"Father, do you believe in aliens?"
The question caught my attention, especially because the student (of chemical engineering) asking it claimed to be a fallen-away Baptist now-turned atheist.
I thought, "Well, that's enough of an opening right there!"
A lively conversation went back and forth on the topic, but soon turned to matters of more existential import--life in general, specifically the purpose of human life. Avoiding anything too explicitly "religious" for the sake of my young but unconvinced atheist, I sensed an opening at one stage and said on a whim:
"We were created to be loved--do you think this?"
Instead of a philosophical response, this time the answer was awkward silence and eyes filling with tears.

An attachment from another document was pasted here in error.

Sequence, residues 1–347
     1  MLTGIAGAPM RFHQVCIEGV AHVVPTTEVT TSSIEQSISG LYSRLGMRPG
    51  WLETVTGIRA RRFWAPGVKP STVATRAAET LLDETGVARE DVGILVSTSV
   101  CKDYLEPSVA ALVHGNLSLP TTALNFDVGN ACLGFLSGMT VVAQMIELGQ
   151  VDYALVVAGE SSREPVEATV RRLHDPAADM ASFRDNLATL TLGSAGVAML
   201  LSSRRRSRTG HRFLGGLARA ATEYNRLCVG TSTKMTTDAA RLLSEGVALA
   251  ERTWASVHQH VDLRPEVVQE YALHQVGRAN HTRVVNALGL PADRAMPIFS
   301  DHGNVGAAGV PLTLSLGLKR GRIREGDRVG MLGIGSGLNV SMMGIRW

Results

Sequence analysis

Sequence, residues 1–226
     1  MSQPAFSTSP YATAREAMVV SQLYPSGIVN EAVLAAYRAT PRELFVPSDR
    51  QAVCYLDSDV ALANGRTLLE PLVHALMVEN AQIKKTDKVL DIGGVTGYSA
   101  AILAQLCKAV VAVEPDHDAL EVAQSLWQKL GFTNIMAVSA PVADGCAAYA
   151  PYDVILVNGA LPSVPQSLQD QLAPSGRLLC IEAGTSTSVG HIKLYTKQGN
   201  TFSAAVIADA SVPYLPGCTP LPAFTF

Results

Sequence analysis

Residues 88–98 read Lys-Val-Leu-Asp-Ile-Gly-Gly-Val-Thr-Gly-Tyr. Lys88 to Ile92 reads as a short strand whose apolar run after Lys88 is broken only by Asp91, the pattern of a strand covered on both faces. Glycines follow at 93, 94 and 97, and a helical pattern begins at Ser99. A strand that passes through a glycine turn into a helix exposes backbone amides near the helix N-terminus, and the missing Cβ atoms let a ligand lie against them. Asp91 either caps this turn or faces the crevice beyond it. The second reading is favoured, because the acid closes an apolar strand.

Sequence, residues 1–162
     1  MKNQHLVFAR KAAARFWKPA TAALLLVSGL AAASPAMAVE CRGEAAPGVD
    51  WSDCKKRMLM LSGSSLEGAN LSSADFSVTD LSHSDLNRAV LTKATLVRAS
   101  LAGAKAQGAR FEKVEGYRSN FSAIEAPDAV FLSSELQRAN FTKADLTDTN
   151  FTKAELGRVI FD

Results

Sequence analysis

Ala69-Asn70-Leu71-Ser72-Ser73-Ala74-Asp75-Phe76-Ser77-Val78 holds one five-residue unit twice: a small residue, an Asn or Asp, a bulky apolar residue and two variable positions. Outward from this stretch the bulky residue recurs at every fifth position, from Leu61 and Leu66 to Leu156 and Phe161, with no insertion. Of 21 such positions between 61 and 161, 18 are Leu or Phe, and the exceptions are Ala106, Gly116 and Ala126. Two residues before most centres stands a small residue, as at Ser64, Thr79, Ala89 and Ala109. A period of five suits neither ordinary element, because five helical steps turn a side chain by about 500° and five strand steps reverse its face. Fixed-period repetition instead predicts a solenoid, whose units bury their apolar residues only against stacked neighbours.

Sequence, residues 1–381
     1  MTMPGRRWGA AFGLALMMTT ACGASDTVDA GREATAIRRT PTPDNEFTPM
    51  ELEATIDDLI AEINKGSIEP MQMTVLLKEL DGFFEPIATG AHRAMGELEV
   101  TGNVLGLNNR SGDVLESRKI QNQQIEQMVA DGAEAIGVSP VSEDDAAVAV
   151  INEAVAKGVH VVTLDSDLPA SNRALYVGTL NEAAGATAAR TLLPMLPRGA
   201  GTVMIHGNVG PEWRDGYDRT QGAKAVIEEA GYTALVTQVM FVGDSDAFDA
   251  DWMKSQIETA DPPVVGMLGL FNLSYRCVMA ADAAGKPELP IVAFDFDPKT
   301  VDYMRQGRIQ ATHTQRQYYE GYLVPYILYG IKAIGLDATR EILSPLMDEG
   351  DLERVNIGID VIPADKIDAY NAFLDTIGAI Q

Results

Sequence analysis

The conversation ended abruptly and uncomfortably after that, and I thought, "Way to go, Father Clumsy...you'll never see this student ever again."
As I said goodbye, I couldn't think of anything to offer accept a house blessing for her and the new place she just moved into with her six guy roommates--none of whom are Catholic. "Uh, okay. Bye," she said, and left.
Should I have been suprised when the phone rang the next day, and she said that her household wanted me to come and bless the house?
Well, I was surprised. But I also marveled at the strange ways of God, who took me from aliens to booking an improbable house blessing with seven students who had probably never talked to a Catholic priest before.
Soon I was whispering "Wash me O God, and I shall be clean..." and walking around the most typical college house you've ever seen, sprinkling Bob Marley posters and lacrosse sticks with holy water, as slack-jawed and wide eyed college students stumbled nervously in tow behind me as we marched from room to room.
I can't think of another time in my three years as a priest when I have been more conscious of the fact that priests are ordained and sent not just to Catholics, but to the every human person, to the whole world.
Kind of like aliens.